Data table is one of the most advanced UI components provided by JSF. This component is used to represent data in a table form and can contain multiple rows and columns and optionally header, footer and caption. In this post I would like to explain how to use it to render a simple table like this:

jsfdatatable

Basic table

The usage of data table is pretty simple. First, the data table has to be defined using h:datatable element. This element should have at least two attributes to iterate through the data. The first one is value which should point to one of the following:

  • single object
  • array
  • instance of java.util.List
  • instance of java.sql.ResultSet
  • instance of javax.servlet.jsp.jstl.sql.Result
  • instance of javax.faces.model.DataModel

JSF iterates though every element of the object pointed by this attribute and assigns each element to the variable specified by the second attribute var. Later, the properties can be extracted from this variable and put into the table. Typically, the data provided to data table is in form of an array or a list. If the data references a single scalar object, only one row will be rendered which is not much useful.

Inside h:datatable element we should put as many h:column elements as there are individual columns. Each h:column element can contain several JSF components which will appear in a single cell of the table. The final structure of a simple table looks like this:

<h:datatable value="#{rows}" value="row">
  <h:column>
    <!-- components in the first column -->
    #{row.columnValue1}
  </h:column>
  <h:column>
    <!-- components in the second column -->
    #{row.columnValue2}
  </h:column>
  <!-- more columns -->
</h:datatable>

Facets

This simple data table can be extended to contain optional header, footer and caption using f:facet elements:

<h:datatable value="#{rows}" value="row"
    headerClass="headerClass1"
    footerClass="footerClass1"
    captionClass="captionClass1">
  <h:column>
    <f:facet name="header">
      <!-- first column header contents -->
    </f:facet>
    <f:facet name="footer">
      <!-- first column footer contents -->
    </f:facet>
    <!-- components in the first column -->
    #{row.columnValue1}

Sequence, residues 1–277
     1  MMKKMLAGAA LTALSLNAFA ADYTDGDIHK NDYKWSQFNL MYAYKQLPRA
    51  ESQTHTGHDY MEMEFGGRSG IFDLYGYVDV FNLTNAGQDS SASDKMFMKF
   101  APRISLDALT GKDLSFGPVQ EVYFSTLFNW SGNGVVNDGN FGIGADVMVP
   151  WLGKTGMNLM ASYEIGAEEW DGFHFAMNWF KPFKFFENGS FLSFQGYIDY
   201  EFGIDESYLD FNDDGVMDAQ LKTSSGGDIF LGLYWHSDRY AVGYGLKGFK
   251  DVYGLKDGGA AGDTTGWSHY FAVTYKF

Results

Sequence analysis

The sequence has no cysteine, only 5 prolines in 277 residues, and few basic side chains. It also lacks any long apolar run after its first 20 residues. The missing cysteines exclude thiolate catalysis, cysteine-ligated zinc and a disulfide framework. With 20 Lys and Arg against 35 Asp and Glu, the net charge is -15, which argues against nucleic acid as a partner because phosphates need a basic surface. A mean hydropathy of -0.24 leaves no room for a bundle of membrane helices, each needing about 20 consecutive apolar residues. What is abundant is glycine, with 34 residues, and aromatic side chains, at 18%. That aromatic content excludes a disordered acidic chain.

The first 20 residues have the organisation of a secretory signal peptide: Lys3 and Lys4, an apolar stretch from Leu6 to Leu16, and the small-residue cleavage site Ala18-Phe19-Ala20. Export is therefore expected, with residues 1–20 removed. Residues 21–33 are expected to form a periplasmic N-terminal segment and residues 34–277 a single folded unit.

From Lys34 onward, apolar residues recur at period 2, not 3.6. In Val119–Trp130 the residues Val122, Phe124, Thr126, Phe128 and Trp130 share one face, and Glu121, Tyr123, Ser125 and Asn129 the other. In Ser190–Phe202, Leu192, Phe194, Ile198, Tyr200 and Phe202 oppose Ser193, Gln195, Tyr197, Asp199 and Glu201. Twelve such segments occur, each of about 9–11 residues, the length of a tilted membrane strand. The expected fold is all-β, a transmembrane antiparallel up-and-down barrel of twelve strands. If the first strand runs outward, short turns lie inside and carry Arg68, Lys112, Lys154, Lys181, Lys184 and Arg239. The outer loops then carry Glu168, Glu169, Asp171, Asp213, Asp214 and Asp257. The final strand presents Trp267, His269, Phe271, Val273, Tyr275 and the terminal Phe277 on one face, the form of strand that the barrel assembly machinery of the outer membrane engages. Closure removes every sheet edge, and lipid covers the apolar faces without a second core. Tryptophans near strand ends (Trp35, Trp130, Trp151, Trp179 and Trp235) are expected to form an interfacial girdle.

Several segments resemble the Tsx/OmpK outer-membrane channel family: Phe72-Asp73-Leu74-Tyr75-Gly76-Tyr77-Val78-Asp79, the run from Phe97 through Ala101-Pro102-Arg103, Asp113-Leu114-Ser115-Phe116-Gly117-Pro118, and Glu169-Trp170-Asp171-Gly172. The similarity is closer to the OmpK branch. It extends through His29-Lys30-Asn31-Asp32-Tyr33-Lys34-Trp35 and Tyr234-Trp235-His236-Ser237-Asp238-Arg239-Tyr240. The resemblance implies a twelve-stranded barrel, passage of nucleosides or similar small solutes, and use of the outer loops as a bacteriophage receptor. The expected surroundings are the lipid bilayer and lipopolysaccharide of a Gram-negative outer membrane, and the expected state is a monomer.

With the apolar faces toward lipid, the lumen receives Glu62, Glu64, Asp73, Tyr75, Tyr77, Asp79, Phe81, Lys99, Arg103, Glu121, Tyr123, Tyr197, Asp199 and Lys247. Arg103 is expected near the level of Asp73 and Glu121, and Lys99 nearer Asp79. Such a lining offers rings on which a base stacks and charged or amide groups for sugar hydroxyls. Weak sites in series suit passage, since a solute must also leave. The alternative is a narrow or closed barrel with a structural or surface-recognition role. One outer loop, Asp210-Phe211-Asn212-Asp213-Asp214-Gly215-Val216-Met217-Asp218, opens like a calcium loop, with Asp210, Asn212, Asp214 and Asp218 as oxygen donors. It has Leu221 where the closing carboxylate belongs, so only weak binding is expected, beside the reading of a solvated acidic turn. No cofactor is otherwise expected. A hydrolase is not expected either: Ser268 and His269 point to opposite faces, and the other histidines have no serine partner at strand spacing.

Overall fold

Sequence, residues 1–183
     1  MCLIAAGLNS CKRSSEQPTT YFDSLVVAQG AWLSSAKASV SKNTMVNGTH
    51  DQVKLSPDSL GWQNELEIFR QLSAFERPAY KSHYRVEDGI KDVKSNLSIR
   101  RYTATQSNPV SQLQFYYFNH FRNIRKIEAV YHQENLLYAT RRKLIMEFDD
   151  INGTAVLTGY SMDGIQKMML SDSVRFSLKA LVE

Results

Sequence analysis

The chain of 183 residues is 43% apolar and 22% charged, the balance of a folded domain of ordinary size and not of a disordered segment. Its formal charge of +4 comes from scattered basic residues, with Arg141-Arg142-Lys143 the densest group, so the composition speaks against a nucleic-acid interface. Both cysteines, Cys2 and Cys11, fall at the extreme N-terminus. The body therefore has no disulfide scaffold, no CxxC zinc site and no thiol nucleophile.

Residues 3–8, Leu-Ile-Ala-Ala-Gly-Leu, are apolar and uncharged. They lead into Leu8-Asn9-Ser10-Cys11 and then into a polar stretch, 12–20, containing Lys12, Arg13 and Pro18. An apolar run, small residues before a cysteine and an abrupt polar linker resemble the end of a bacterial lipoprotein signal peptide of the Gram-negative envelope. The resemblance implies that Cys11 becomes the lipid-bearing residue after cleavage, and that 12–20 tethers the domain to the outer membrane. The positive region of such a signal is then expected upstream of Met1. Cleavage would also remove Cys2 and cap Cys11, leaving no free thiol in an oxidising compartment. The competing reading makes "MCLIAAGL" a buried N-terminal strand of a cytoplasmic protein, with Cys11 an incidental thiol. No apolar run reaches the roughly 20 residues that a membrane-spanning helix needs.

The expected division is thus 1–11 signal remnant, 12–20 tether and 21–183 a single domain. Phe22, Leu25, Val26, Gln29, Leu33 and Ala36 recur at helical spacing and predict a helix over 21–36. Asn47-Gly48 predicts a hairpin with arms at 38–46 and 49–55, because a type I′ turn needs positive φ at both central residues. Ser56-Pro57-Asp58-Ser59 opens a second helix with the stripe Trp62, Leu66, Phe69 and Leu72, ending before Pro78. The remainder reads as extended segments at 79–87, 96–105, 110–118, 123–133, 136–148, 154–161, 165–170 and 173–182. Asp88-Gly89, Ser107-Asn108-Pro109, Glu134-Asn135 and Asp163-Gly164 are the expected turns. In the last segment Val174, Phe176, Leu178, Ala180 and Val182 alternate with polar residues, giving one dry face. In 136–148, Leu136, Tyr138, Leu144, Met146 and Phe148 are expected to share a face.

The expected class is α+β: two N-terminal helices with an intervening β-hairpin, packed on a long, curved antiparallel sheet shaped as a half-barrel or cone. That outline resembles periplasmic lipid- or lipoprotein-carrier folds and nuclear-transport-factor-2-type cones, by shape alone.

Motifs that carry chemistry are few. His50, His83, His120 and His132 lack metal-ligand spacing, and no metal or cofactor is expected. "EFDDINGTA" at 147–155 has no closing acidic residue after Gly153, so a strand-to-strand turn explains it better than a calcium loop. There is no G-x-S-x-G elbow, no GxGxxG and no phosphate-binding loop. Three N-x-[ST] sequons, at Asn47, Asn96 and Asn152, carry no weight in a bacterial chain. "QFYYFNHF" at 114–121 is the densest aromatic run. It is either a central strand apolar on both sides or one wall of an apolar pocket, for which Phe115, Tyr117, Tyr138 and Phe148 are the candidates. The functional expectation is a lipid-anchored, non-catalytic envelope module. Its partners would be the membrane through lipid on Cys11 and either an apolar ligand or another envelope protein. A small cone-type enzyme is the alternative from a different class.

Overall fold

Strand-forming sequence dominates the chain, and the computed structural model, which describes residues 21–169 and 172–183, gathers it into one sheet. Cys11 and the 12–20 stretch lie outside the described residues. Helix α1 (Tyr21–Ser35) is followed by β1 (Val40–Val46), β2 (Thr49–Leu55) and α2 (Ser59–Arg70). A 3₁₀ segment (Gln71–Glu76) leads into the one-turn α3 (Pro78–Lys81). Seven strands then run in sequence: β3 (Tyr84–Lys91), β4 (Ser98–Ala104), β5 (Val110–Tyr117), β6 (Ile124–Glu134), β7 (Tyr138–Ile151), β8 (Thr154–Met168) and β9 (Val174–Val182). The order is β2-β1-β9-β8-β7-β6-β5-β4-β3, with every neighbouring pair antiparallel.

</h:column>
  <h:column>
    <f:facet name="header">
      <!-- second column header contents -->
    </f:facet>
    <f:facet name="footer">
      <!--  second column footer contents -->
    </f:facet>
    <!-- components in the second column -->
    #{row.columnValue2}
  </h:column>
  <!-- more columns -->
  <f:facet name="caption">
    <!-- table caption contents -->
  </f:facet>
</h:datatable>

Facets for header and footer are placed inside h:column elements while the facet for caption is put directly inside h:datatable. Additionally, we can specify CSS classes to be used by a header (headerClass), footer (footerClass) and also a caption (captionClass) of the table. There is also captionStyle attribute which specifies inline style for a caption.

Styles for rows and columns

CSS styles for individual columns and rows can be defined using either columnClasses or rowClasses attributes of h:datatable respectively. Obviously, these attributes are mutually exclusive and should not be applied to the same table.

Both attributes contain a list of comma-separated CSS classes. The first CSS class is used for the first column/row, the second one for the second column/row and so on. If the number of CSS classes is less than the number of columns/rows in a table, the classes are used repeatedly for the next columns/rows. For example if we specify only two classes, the first one is used for odd columns/rows and the second one for even columns/rows.

To apply the CSS style to the whole table we can use standard style or styleClass attributes.

Sorting and paging

Element h:datatable does not provide any real support for sorting elements in columns or splitting data into multiple pages so it has to be done manually (e.g. by defining non-standard component or using appropriate database queries to sort data and fetch only a portion of it). It contains first and count attributes to show only a portion of rows but it is not very useful in practice especially for very large tables.

Example

Equipped with this knowledge we can create a table with list of all HTTP headers sent by a web browser to a server. The single row of the table is represented using following name-value class:

package com.example.jsfdatatable;

public class HeaderEntry {

    private String name;
    private String value;

    public HeaderEntry(String name, String value) {
        this.name = name;
        this.value = value;
    }

    public String getName() {
        return name;
    }